The iconic quilts designed and hand-sewn by the artists at Gee’s Bend are now for sale on Etsy, making it easier than ever to shop for one of these storied works of fiber art.
Though the geometric pattens are unique and almost spontaneous, when you spot one of these boldly colorful quilts, you likely know exactly where it came from: the rural community of Boykin, Alabama, where African American women have been handing down this traditional art form through the generations since the 19th century.
The Gee’s Bend quilts for sale come from quilt-makers in Boykin — the location of a cotton plantation owned by Joseph Gee on a big hook in the Alabama River, then known as Gee’s Bend. The artists began quilting out of necessity: staying warm in winter. The enslaved women sewed bedcovers from whatever bits of fabric they could pull together. Their daughters and granddaughters and nieces carried the tradition on through Reconstruction and Jim Crow, creating quilts from scraps and old clothes that would keep their families warm in shacks without heat or running water. Sewing was a matter of survival.
Fiber artist Arlonzia Pettway shared stories from the history of Gee’s Bend with Smithsonian magazine a few years before her death, in 2008. Pettway learned to sew from her mother and grandmother; her great-grandmother, Dinah Miller, was brought to the U.S. on a slave ship in 1859.
In the early 20th century, many Gee’s Bend families were tenant farmers, and during the Depression, when cotton prices tanked, the lender foreclosed on them, Pettway said.
“They took everything and left people to die,” Pettway told Smithsonian. She said her mother sewed shirttails into a sack so members of her family could gather what produce they could from the farm to hide in a ditch.
When Pettway’s father died in 1941, her mother made a quilt from his clothes.
“Mama said, ‘I’m going to take his work clothes, shape them into a quilt to remember him, and cover up under it for love,'” she told Smithsonian.
That gray, white, blue and red quilt was one of the pieces included in the first exhibition of Gee’s Bend quilts that traveled to art museums around the country in the 2000s, when they were finally recognized for the works of art that they are.
Other Gee’s Bend quilts have hung in museums in the meantime, including the National Gallery of Art and the Metropolitan Museum of Art, which tweeted an image of a gorgeous quilt made by Annie Bendolph in Gee’s Bend around 1930.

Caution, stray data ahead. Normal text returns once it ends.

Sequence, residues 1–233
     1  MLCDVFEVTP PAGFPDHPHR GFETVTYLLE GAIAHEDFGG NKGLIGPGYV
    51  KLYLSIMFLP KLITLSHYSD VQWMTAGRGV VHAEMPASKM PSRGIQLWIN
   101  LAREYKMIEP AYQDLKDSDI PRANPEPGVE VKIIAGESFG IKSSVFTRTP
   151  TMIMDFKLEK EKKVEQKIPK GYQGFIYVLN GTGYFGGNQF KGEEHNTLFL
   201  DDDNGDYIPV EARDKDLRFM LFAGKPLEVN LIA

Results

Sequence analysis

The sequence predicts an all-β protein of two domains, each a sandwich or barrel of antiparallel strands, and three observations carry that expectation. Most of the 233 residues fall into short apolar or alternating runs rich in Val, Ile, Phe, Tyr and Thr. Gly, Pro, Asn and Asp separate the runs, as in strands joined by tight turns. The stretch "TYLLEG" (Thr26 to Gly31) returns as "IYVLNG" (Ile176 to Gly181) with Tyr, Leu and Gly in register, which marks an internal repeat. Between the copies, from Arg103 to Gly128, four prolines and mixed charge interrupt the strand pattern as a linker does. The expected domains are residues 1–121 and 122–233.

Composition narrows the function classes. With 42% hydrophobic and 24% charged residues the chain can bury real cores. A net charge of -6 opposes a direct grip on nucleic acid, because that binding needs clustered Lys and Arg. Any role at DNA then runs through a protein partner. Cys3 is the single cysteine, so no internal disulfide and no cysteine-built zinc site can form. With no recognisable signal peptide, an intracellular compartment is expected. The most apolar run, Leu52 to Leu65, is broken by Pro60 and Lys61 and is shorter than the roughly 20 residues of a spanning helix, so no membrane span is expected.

— The Metropolitan Museum of Art (@metmuseum) March 12, 2016
In 2015, the National Endowment for the Arts honored three Gee’s Bend quilters in this lineage — Mary Lee Bendolph, Loretta Pettway and Lucy Mingo — with NEA National Heritage Fellowships.
Where To Find Gee’s Bend Quilts For Sale
Though Gee’s Bend quilts have been for sale previously, this is the first time they’ve been on Etsy, which, through partnerships supporting Black artists and handworkers, is making them widely accessible to a broader audience.
The Gee’s Bend quilts for sale on Etsy were launched on Feb. 1, the start of Black History Month. At first, Etsy featured nine quilters, giving a short bio of each woman and showing their work, plus a link to their individual Etsy shop. More quilters from Gee’s Bend have since joined them on the site with shops of their own.
The hand-sewn quilts range in price from a few hundred dollars to several thousand.
The quilts come in a range of sizes, and some of the artists make other items as well. Sharon Williams’ Etsy shop, Sha’s Shop Gee’s Bend, has $7,000-plus gorgeous hand-stitched quilts as well as colorful $47 tote bags.
By the way, you’ve probably noticed that quite a few Gee’s Bend quilters are Pettways. Smithsonian reported that one in three residents of the town of 700 bore that name, after slave owner Mark H. Pettway.
As Etsy promised back in February, other fiber artists from Gee’s Bend have joined the initial nine they featured, including Gee’s Bend Place, helmed by Claudia Pettway Charley, where she has a quilt for sale made from the back pockets of jeans.